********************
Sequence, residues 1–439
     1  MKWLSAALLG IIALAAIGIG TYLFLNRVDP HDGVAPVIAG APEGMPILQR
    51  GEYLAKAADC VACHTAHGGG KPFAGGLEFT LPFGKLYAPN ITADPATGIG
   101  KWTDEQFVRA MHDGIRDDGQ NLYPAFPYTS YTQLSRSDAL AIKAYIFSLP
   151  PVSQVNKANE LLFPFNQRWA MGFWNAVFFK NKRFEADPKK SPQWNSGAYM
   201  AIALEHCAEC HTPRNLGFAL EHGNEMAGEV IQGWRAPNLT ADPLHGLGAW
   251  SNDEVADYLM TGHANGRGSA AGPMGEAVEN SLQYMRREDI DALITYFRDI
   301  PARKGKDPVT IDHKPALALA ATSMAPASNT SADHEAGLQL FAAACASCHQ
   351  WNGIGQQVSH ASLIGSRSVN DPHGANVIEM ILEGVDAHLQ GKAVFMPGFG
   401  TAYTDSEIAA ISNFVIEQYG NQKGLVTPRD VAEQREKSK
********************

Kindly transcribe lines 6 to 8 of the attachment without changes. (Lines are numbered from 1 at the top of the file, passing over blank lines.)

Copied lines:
   201  AIALEHCAEC HTPRNLGFAL EHGNEMAGEV IQGWRAPNLT ADPLHGLGAW
   251  SNDEVADYLM TGHANGRGSA AGPMGEAVEN SLQYMRREDI DALITYFRDI
   301  PARKGKDPVT IDHKPALALA ATSMAPASNT SADHEAGLQL FAAACASCHQ